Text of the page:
Contemplating a cabinet painting project? I’ve learned that this is a surprisingly easy DIY task!
I recently painted my kids’ bathroom cabinet as part of my long-standing bathroom makeover project. I’m so happy it’s done – and that it went so well!
The kids’ bathroom needed an update when we moved into our house, but I put off this project for years until I couldn’t take the wallpaper any longer.
Even in this small room, removing the wallpaper was a big project, as everyone knows who has ever done this. After stripping it off, I carefully cleaned glue off walls and patched up gouges to prep for a beautiful shade of light blue paint (Behr Premium Plus in Fresh Day).
With that huge step completed, I took a little break from the makeover – and by that, I mean a two-year break! In the meantime, the vanity was looking worse from the wear it got from three little people using it daily and dripping water down the front regularly. This summer I realized they’re big enough to keep the water in the sink where it belongs, so I should probably commence the cabinet makeover.
In theory, it sounded easy enough to paint a little cabinet. But since I had never painted any built-in cabinets, I felt anxious about tackling it. What if I did something wrong and ruined the whole thing? We inherited two layers of flooring in there, with the top layer of tile cut around the vanity, so I knew there wouldn’t be an easy fix to just put in a new cabinet if I totally ruined it somehow.
After doing some research, I finally got to work on my cabinet painting project one day while the kids were at school.
I removed the drawers, doors, and hinges and started sanding to prepare the surface for the paint. My first surprise was that although the front of the cabinet is wood, the side is laminate. Whoops! I should have paid closer attention to the side. I guess it was a good laminate match since I never noticed that it wasn’t real wood – or else I’m just really unobservant.
That discovery did make my painting prep work easier. I sanded the surface of the front cabinet, doors, and drawers until they were smooth and then used a tack cloth to remove the dust. For the laminate side, I cleaned it well and used wood filler to cover the holes where the toilet paper holder had been attached since I was replacing and moving it.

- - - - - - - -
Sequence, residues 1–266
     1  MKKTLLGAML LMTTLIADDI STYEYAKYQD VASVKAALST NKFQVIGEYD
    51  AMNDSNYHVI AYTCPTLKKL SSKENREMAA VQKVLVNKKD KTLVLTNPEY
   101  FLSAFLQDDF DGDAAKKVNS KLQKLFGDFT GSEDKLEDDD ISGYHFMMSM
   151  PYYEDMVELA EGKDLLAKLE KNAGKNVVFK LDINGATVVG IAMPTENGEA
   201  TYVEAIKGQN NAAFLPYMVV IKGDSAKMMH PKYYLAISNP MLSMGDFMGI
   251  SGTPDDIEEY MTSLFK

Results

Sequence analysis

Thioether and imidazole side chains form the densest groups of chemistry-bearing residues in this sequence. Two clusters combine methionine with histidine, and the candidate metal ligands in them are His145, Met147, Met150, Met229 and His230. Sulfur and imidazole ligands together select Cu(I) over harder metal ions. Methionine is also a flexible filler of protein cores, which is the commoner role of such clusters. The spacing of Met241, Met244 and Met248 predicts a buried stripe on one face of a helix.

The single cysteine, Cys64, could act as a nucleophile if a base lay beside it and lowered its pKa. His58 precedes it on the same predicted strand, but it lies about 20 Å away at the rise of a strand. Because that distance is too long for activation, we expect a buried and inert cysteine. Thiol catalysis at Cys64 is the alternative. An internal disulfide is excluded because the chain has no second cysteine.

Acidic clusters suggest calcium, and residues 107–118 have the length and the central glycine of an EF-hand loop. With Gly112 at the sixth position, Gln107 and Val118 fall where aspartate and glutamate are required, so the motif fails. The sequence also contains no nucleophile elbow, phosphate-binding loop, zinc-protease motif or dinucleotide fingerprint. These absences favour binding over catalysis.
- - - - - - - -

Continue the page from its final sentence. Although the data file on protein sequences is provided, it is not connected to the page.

I wondered how well the cabinet would take the paint – especially the laminate side. I used a high quality paint brush for good coverage and a self-priming paint. Luckily the paint (Behr Premium Plus semi-gloss enamel) covered all of the cabinet well. It took four coats, but the end result looks great!
(Note – I realized later that I should have used a separate primer over the previous stain on the cabinet, as noted on the Behr paint web site. So I would recommend that step for cabinets that were previously stained. However, my painted cabinet still looks good after many months, even without the primer.)
My second surprise was that the new hinges I had purchased were inset hinges, and I needed overlay hinges. I hadn’t even realized there were two types – I just grabbed the first cabinet hinges I found at the store. Be sure to check which type you need for your own project. I was bummed to have to put the old hinges back on until I could get to the store again for the right kind.
My third surprise was that the screws that came with the new toilet paper holder I wanted to attach to the side of the vanity were long enough to hit the drawer. So I had to leave that off until I could get shorter screws.
Ultimately, the painting project was a great success, and everyone was amazed at the huge difference it made in freshening up the room. I wish I would have done it sooner!
I found that cabinet painting is a surprisingly simple DIY task. And believe me – if I could do it, anyone can!